Fast, easy and dynamic tokenizer for Node Streams

ATOK - async tokenizer

Atok is a fast, easy and flexible tokenizer designed for use with node.js. It is based around the Stream concept and is implemented as one.

It was originally inspired by node-tokenizer, but quickly grew into its own form as I wanted it to be RegExp agnostic so it could be used on node Buffer intances and more importantly faster. As of the first release, it does not support Buffer instances (yet!) but it is planned to be the next major feature.

It is published on node package manager (npm). To install, do:

npm install atok

Given the following json to be parsed:

["Hello world!"]

The following code would be a very simple JSON parser for it.

var Tokenizer = require('..')
var tok = new Tokenizer
// Define the parser rules 
// By default it will emit data events when a rule is matched 
    // Define the quiet property for the following rules (quiet=dont tokenize but emit/trigger the handler) 
    // Only used to improve performance 
        // first argument is a match on the current position in the buffer 
        .addRule('[', 'array-start')
        .addRule(']', 'array-end')
    .quiet() // Turn the quiet property off 
    // The second pattern will only match if it is not escaped (default escape character=\) 
        .addRule('"', '"', 'string')
    // Array item separator 
    .addRule(',', 'separator')
    // Skip the match, in this case whitespaces 
        .addRule([' ','\n', '\t','\r'], 'whitespaces')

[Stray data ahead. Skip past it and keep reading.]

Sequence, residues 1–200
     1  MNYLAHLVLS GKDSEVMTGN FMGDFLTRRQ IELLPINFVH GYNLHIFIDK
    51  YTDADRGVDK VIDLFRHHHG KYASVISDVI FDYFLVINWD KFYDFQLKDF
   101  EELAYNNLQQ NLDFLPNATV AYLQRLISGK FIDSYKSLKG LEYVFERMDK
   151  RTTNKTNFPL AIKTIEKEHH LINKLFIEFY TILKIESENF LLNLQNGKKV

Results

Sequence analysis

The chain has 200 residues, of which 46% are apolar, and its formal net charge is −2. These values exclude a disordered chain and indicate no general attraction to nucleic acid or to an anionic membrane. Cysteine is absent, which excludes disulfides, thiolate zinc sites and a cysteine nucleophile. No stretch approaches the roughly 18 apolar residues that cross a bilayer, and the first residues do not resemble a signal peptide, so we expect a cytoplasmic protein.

// End of the buffer reached 
    // This is usually only needed when implementing synchronous parsers 
    .addRule(0, 'end')
// Setup some variables 
var stack = []
var inArray = false
// Attach listeners to the tokenizer 
tok.on('data', function (tokenidxtype) {
    // token=the matched data 
    // idx=when using array of patterns, the index of the matched pattern 
    // type=string identifiers used in the rule definition 
    switch (type) {
        case 'array-start':
            inArray = true
        case 'array-end':
            inArray = false
        case 'string':
            if (inArray)
                stack[ stack.length-1 ].push(token)
                throw new Error('only Arrays supported')
        case 'separator':
        case 'end':
            console.log('results is of type', typeof stack[0], 'with', stack[0].length, 'item(s)')
            console.log('results:', stack[0])
            stack = []
            throw new Error('Unknown type: ' + type)
// Send some data to be parsed! 
tok.write('[ "Hello", "world!" ]')


results is object with 1 item(s)
results: [ 'Hello world!' ]

See here. Documentation generated by ndoc.

Atok has a fairly extended set of tests written for mocha. See the test directory.

Atok performance was tested by writing a JSON parser and comparing its results to the excellent Douglas Crockford's . It currently scores slower on data sets containing small items, but much faster on large ones.

The JSON parser based on atok will be published soon as well as the benchmarks for it.

There are plans to increase performance, as listed in the TODO document.